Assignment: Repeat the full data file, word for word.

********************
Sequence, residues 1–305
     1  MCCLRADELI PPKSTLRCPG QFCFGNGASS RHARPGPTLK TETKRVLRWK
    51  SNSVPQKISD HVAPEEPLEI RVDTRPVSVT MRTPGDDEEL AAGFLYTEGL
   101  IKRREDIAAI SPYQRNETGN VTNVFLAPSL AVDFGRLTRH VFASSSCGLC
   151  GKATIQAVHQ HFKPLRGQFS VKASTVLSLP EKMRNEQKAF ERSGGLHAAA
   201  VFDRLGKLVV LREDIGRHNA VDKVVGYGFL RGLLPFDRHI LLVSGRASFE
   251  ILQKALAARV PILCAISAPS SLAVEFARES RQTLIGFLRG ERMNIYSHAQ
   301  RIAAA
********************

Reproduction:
Sequence, residues 1–305
     1  MCCLRADELI PPKSTLRCPG QFCFGNGASS RHARPGPTLK TETKRVLRWK
    51  SNSVPQKISD HVAPEEPLEI RVDTRPVSVT MRTPGDDEEL AAGFLYTEGL
   101  IKRREDIAAI SPYQRNETGN VTNVFLAPSL AVDFGRLTRH VFASSSCGLC
   151  GKATIQAVHQ HFKPLRGQFS VKASTVLSLP EKMRNEQKAF ERSGGLHAAA
   201  VFDRLGKLVV LREDIGRHNA VDKVVGYGFL RGLLPFDRHI LLVSGRASFE
   251  ILQKALAARV PILCAISAPS SLAVEFARES RQTLIGFLRG ERMNIYSHAQ
   301  RIAAA